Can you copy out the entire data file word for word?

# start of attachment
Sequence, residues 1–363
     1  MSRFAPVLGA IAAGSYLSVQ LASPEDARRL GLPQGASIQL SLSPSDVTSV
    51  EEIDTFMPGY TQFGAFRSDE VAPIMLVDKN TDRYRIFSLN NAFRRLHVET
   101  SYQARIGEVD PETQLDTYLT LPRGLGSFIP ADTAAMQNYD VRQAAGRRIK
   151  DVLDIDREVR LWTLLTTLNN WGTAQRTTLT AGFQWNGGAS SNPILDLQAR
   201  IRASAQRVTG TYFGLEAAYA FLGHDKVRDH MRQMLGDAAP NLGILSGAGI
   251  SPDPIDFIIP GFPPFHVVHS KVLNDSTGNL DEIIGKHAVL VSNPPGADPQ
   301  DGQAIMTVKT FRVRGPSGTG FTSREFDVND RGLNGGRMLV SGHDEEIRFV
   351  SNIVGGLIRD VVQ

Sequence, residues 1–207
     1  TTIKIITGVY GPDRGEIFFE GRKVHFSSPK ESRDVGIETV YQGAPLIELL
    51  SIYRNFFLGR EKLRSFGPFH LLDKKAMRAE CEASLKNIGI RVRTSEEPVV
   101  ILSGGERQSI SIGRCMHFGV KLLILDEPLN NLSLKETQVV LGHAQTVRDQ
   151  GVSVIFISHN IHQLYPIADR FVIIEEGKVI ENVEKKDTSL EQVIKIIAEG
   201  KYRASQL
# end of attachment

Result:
Sequence, residues 1–363
     1  MSRFAPVLGA IAAGSYLSVQ LASPEDARRL GLPQGASIQL SLSPSDVTSV
    51  EEIDTFMPGY TQFGAFRSDE VAPIMLVDKN TDRYRIFSLN NAFRRLHVET
   101  SYQARIGEVD PETQLDTYLT LPRGLGSFIP ADTAAMQNYD VRQAAGRRIK
   151  DVLDIDREVR LWTLLTTLNN WGTAQRTTLT AGFQWNGGAS SNPILDLQAR
   201  IRASAQRVTG TYFGLEAAYA FLGHDKVRDH MRQMLGDAAP NLGILSGAGI
   251  SPDPIDFIIP GFPPFHVVHS KVLNDSTGNL DEIIGKHAVL VSNPPGADPQ
   301  DGQAIMTVKT FRVRGPSGTG FTSREFDVND RGLNGGRMLV SGHDEEIRFV
   351  SNIVGGLIRD VVQ

Sequence, residues 1–207
     1  TTIKIITGVY GPDRGEIFFE GRKVHFSSPK ESRDVGIETV YQGAPLIELL
    51  SIYRNFFLGR EKLRSFGPFH LLDKKAMRAE CEASLKNIGI RVRTSEEPVV
   101  ILSGGERQSI SIGRCMHFGV KLLILDEPLN NLSLKETQVV LGHAQTVRDQ
   151  GVSVIFISHN IHQLYPIADR FVIIEEGKVI ENVEKKDTSL EQVIKIIAEG
   201  KYRASQL